24 sept. 2010

Here's a novel idea: literary works are about exactly what they seem to be about. Wallace Stevens's poetry is about the relation between the poetic imagination and reality. Ezra Pound's work is about economics and his own particular view of history. Honor plays are about honor. Homer is about Homeric heroes and their code of behavior. Unamuno's Abel Sánchez is about its announced and ostensible theme: envy. "Howl" is about how the best minds of his generation have been destroyed by madness, starving hysterical naked. If I have read any poem or novel I know what it is about.

To the extent that you understand what the action of a narrative is, the plain sense of the words of a poem, you understand the literary work itself. Sure, you can talk about some themes that aren't explicitly enumerated, but that's simply a way of abstracting concepts from concrete situations. For example, in a play about two brothers fighting for succession to dynastic power, we could talk about the "theme of legitimacy." The big abstract thematic words like power, alienation, love, death, envy, are never at too far a remove from what the play or poem is actually dealing with right on the surface. There's difference between saying "It's a play about a guy who can't find a job" and "It's an examination of the limitations of the American dream." The latter sounds more sophisticated because it is more abstract.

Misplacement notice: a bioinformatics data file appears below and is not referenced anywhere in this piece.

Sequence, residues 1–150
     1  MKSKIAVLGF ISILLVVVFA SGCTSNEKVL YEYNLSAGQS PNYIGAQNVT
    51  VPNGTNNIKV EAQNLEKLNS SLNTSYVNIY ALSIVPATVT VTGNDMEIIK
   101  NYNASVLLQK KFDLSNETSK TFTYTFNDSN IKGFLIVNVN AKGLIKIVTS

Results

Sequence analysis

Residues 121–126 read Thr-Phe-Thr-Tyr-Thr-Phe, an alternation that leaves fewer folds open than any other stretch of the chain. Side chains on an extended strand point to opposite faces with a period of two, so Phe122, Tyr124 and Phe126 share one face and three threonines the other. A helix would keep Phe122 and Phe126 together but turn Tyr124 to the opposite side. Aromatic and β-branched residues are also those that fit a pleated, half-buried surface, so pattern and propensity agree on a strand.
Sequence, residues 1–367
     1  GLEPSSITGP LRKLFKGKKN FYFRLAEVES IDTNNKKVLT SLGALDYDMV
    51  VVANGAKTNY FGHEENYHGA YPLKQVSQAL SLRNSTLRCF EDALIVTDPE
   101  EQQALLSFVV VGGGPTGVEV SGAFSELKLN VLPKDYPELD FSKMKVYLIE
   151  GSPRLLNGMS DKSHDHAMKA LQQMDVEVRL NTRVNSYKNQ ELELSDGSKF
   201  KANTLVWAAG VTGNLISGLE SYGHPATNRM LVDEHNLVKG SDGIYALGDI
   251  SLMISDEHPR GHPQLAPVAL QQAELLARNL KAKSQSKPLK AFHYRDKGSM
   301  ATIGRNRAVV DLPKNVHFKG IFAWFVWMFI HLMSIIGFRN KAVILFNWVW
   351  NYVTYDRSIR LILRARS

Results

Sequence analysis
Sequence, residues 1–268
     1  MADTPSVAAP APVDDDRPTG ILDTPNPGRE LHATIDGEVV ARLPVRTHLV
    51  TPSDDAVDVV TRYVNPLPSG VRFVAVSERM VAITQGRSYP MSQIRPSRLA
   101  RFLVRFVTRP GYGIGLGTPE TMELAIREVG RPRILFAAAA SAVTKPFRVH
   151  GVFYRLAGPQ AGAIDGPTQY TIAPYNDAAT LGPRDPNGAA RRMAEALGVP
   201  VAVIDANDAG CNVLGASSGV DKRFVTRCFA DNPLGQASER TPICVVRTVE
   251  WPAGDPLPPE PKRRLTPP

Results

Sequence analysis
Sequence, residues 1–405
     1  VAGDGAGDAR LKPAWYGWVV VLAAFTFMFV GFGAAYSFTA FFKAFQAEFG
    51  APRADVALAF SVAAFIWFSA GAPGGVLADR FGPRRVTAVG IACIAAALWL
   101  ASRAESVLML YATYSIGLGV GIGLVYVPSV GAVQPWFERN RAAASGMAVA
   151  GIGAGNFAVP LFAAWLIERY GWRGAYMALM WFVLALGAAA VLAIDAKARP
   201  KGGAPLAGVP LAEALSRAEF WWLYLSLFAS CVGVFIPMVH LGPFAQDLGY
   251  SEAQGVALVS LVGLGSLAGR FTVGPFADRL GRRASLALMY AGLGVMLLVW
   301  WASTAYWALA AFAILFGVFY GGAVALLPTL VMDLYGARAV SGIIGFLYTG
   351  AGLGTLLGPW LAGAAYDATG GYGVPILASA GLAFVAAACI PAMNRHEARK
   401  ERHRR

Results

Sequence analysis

Writers do not write in secret code. The meaning of their works is not concealed beneath the surface. If it were, then would they expect nobody to understand them until some clever dude cracks to code 300 years later? That doesn't seem very plausible. Usually, the meaning of the text is in plain sight. The clever dude with his esoteric theory is always wrong, because nobody encodes a message that deep into the text. That's just not the way literature works because it just wouldn't be viable that way.

Allegorical works Pilgrim's Progress like Dante's Commedia point us directly in the direction of their allegory. There's no mystery to what they are about.

Metaphors in poetry are very conventional. Life is a road. A human being is a tree. The night is something negative, something to be surpassed. Morning is hope. The sun is a powerful source of heat and life. 90% of poetic metaphors are of this type.

All this being said, many people are terrible readers. I would suggest that they are terrible because they are looking for a secret code and forget to look at what the text is saying on its face. This is especially true of difficult texts. If you understand a difficult text on its face, what the words are actually saying, you won't even need to find an esoteric meaning. If there is an esoteric system, it will be available, more or less, in the writer's complete works, as in the case of William Blake.


My entire profession, nevertheless, exists because things are not quite as simple as I've laid out here. They are a little more complicated and nuanced, and this little bit has made all the difference.

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